Since the onset of the Coronavirus pandemic, the Cork brewery has been providing support to closed on-trade outlets with measures ranging from credit freezing to training and advice on staff and customer engagement and digital innovation.
Heineken is now mobilising its 90-strong in-house technical team to undertake a quality operation that’s never been done before on such a scale.
As a result of the swift lockdown in mid-March there are currently over 100,000 open – or soon to expire – kegs of the brewery’s beer and cider sitting in cellars and the dispensing taps of shuttered bars across the country. This includes additional unused stock that publicans had ordered for trading during the abandoned St Patrick’s Festival celebrations
Following this, Heineken Ireland committed to shouldering the cost of the unused stock it collects, equivalent to over 10 million pints. This will ensure that all Heineken Ireland product in outlets around the country is at peak freshness and of the highest quality when the sector reopens.
In preparation for the re-opening of venues in the coming months, Heineken Ireland’s in-house technical, dispensing and quality team will also undertake the significant task of visiting over 1,000 on-trade outlets per week to clean every beer and cider dispensing line across the country.
Heineken Ireland also will fully fund the sustainable repurposing of the expired draught beer and cider collected under its award-winning Brewing a Better World sustainability programme, an innovative Irish partnership that will see this draught product used to produce green electricity and fertiliser through anaerobic digestion.
“We’re proud to be a key partner of the pub trade and are keen to play our part for our customers during what has been exceptionally challenging times for us all,” commented Heineken Ireland’s Commercial Director Sharon Walsh, “By deploying this vast in-house quality operation, by committing to replacing and bearing the cost of unused product and by gathering insights on the re-opening of the pub trade in other Heineken markets around the world, we’re supporting our customers on their journey to a responsible re-opening.”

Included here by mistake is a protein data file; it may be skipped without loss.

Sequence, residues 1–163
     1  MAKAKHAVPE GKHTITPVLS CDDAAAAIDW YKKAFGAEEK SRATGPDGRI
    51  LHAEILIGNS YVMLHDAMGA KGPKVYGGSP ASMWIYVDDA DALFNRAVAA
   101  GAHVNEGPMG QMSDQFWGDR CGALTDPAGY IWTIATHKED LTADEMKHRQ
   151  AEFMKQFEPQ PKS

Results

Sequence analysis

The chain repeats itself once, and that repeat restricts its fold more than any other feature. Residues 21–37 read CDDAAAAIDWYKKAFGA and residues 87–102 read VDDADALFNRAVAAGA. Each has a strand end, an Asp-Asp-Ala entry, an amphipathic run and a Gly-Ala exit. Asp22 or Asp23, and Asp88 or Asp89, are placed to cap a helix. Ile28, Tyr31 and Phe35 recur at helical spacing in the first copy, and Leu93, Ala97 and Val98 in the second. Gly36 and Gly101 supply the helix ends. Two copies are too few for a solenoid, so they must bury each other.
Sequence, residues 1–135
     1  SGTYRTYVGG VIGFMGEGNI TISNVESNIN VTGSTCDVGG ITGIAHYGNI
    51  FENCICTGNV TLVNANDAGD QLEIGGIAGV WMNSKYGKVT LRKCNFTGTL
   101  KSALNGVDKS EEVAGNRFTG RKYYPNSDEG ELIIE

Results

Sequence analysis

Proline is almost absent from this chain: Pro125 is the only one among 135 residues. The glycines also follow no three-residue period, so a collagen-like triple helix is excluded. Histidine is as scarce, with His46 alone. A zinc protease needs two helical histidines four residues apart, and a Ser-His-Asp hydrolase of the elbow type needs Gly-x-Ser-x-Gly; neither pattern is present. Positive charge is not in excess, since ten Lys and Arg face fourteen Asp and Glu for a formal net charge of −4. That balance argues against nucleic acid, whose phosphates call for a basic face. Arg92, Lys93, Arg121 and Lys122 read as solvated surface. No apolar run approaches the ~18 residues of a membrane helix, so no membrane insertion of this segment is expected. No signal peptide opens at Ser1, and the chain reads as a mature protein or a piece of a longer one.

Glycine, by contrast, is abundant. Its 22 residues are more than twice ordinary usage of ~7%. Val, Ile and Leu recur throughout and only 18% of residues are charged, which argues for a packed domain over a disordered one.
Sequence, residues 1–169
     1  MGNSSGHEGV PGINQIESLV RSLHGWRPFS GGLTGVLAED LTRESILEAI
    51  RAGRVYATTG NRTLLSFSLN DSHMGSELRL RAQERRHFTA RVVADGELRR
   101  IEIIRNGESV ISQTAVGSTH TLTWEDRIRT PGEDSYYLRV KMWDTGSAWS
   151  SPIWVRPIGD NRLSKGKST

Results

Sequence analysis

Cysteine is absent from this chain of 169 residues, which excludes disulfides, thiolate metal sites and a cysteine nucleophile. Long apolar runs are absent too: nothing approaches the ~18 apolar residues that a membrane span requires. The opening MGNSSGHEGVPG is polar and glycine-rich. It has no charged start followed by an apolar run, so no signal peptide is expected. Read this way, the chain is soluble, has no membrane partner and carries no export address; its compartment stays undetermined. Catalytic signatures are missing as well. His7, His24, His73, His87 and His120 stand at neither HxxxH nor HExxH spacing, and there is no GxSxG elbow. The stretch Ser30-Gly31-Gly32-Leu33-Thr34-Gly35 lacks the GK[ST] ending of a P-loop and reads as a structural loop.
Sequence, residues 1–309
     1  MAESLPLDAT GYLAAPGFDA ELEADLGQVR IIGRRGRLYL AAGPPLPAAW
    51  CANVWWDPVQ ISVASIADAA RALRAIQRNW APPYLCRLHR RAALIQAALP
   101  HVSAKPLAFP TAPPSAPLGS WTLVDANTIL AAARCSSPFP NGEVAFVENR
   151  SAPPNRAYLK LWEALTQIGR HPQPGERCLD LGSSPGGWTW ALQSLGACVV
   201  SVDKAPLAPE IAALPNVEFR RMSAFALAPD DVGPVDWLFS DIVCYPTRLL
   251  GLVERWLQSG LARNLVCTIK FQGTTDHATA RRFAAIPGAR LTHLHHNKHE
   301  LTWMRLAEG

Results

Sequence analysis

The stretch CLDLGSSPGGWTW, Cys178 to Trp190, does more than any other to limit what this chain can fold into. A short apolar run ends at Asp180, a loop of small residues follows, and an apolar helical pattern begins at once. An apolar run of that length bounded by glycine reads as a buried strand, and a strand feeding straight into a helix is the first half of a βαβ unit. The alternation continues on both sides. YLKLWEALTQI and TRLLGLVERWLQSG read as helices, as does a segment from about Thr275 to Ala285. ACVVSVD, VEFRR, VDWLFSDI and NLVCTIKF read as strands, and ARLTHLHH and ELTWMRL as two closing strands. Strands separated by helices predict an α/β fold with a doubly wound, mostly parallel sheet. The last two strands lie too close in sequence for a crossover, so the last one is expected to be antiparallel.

The brewer is also leveraging digital innovation to benefit the on-trade on the road to re-opening. Through staying close to its on-trade partners since the immediate onset of the coronavirus pandemic, Heineken Ireland found that publicans are particularly concerned with being kept informed with the latest updates on supports, on-trade trends from around the world and maintaining a connection with their customer base.
To address these needs, Heineken Ireland has developed new digital innovation platforms to keep the brewer connected to its publican customers. This includes an online Pub Hub platform where its 7,000 on-trade customers can log on to access information and advice during the closure. This will soon include insightful market intelligence on the re-opening of the hospitality sectors in other Heineken markets in Europe.
“Bars, restaurants and hotels will face challenges for some time to come and all stakeholders must pull together to protect this vital sector as we reawaken to a very different economic and consumer environment,” concluded Sharon Walsh, “Heineken Ireland will play a leadership role and remain committed to our customers, communities, employees, Irish farmer suppliers and the loyal consumers as we navigate the road to re-opening. We’re confident that the re-opening can and will be a safe one.”
Heineken Ireland, which employs 400 staff, sustainably brews 98% of the draught beer and cider its sells in Ireland at its historic Cork brewery.